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Maverick AI: exponential connections

Maverick AI: how connections between people add exponential intelligence. Socialised Mavericks [1] know how to use connections between people in an intentional way, to achieve extraordinary results.

In recent articles for the Maverick Paradox Magazine, I described how Maverick leaders can put relationships to work in an intentional way (see here), as well as using inclusive behaviours to make diversity in teams work to achieve better outcomes (see here).

Tied up to this is a fundamental property that occurs when we create connections in this way: they have the potential not just to add to the results, but to increase results exponentially. Collaboration gurus Max Isaac and Anton McBurnie call this effect “team synergy” [2]

Imagine four engineers coming together to work on a knotty problem. If they are working ineffectively, then eventually one of them might come to the realisation that the output isn’t worth the effort: “I might as well do this myself”. Let’s set aside for the moment the real considerations about what that might do to everyone’s working relationships, or the learning of members new to the team – basically the conclusion here is something like this:

(1 + 1 + 1 + 1) equals not much more than 1

Not a great team result!

Now let’s add some socialised maverick leadership to this team. He or she is really determined to get a good output and to bring everyone along with them. They really listen carefully to everyone, ask them to build on each other’s ideas, throw in some new ones of their own. Our maverick leader might even say, “you know, we’re not getting where we need to doing it this way, we need to think about this another way” – the team sticks at it. Eventually someone say – “you know, I was thinking about that comment a few minutes ago – it wasn’t quite on the money but if we did this … and that … and maybe this …” – and someone else goes “go on … you’re onto something here … and we could do that …”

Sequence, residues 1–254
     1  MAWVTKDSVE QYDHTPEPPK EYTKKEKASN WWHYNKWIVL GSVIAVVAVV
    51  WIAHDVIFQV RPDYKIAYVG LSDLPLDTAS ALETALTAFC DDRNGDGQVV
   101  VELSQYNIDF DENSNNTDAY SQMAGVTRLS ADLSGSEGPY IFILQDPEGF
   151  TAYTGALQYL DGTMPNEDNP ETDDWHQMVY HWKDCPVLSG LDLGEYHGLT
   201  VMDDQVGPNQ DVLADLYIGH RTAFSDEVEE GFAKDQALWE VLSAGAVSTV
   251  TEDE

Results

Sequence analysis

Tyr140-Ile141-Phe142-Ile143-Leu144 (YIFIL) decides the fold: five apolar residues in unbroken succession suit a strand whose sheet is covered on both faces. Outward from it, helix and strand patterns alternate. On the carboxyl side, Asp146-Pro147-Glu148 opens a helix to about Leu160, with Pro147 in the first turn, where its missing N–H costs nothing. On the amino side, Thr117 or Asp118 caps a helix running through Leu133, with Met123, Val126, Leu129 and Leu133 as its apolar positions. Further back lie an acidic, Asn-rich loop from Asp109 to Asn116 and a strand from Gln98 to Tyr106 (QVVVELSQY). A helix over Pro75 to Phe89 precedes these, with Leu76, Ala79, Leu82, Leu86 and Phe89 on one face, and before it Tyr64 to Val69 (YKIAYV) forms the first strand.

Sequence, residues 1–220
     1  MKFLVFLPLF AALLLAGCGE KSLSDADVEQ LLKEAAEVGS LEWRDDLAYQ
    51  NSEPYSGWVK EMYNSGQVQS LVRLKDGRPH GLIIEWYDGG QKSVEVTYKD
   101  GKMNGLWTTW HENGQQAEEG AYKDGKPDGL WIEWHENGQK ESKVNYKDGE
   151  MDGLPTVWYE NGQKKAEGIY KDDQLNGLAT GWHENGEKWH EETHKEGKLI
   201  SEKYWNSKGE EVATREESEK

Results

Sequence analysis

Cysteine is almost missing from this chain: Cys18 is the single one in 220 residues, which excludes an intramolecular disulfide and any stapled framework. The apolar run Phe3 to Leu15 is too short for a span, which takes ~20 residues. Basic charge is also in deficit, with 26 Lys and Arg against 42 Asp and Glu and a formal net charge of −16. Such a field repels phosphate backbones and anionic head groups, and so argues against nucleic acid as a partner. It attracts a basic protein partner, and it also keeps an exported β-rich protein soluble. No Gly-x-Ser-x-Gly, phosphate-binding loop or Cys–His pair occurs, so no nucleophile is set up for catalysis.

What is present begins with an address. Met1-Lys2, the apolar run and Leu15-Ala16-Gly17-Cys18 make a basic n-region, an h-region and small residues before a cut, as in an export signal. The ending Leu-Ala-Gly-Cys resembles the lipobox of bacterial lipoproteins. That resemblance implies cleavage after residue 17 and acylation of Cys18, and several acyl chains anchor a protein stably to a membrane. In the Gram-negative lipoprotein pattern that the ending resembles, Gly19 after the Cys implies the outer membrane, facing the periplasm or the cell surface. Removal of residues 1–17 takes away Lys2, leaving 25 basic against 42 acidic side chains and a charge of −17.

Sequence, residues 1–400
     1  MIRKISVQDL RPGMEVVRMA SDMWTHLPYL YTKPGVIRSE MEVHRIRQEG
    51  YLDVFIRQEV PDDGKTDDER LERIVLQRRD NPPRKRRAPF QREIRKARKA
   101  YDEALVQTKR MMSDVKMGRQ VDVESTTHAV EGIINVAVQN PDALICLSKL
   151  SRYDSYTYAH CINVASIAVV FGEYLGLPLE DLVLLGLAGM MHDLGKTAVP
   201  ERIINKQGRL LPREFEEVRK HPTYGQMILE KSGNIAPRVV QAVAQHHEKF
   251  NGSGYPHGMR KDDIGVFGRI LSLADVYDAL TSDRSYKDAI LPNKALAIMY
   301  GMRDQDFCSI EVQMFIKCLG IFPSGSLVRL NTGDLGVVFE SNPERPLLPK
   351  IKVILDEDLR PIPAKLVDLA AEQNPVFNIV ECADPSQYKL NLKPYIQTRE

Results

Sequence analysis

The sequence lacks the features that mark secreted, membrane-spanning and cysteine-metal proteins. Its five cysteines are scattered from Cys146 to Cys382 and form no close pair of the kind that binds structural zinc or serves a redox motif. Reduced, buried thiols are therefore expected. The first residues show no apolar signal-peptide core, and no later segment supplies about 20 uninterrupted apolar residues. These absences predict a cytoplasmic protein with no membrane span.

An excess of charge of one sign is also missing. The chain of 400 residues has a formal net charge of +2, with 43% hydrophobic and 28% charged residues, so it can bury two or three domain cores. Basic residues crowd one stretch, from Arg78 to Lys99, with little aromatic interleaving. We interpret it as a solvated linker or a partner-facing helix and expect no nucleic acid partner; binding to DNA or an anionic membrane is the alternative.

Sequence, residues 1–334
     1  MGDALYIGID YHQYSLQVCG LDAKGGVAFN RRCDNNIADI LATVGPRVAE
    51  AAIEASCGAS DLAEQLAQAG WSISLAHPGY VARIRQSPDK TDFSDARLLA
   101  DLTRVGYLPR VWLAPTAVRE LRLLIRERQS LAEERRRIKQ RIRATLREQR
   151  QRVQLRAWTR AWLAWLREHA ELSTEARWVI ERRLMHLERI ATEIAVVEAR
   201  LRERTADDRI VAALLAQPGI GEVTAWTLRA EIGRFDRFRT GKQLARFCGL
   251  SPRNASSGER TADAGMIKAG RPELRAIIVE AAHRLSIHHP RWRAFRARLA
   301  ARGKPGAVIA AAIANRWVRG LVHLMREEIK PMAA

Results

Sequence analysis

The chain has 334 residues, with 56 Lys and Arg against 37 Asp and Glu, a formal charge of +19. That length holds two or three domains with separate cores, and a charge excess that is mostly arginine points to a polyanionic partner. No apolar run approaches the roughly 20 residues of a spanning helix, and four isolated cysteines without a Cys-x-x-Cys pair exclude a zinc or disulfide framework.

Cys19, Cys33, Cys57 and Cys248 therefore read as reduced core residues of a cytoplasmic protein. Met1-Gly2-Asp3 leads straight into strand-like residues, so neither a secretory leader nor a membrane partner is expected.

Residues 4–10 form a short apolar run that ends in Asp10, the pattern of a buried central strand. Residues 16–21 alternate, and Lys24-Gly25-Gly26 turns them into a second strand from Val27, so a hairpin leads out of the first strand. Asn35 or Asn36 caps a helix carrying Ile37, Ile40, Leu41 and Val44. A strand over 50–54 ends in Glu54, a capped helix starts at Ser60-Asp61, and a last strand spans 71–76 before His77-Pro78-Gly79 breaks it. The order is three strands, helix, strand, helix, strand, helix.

What has happened here is that the team has not simply got to a result that is the sum of the parts. It’s more fundamental than that. They have achieved something that none of them could have achieved without the rest of the team.

Let’s use the analogy of Artificial Intelligence. One processor can only do so much work. So we add a second processor. What do we get?

Well for a start, we have doubled the processing power (not quite – because both now have to give a significant part of their processing time over to communicating with the other processor!).

So we could process twice as much, or the same amount twice as quickly. Maverick AI: exponential connections.

There’s more. The second processor also has a memory store, so we have extra data. We have more to process, and more possible combinations to consider – in other words, a wider range of possible solutions (just like that example we talked about with diversity in teams). In fact, if we kept adding processors, the amount of possible data combinations doesn’t increase arithmetically, it increases exponentially!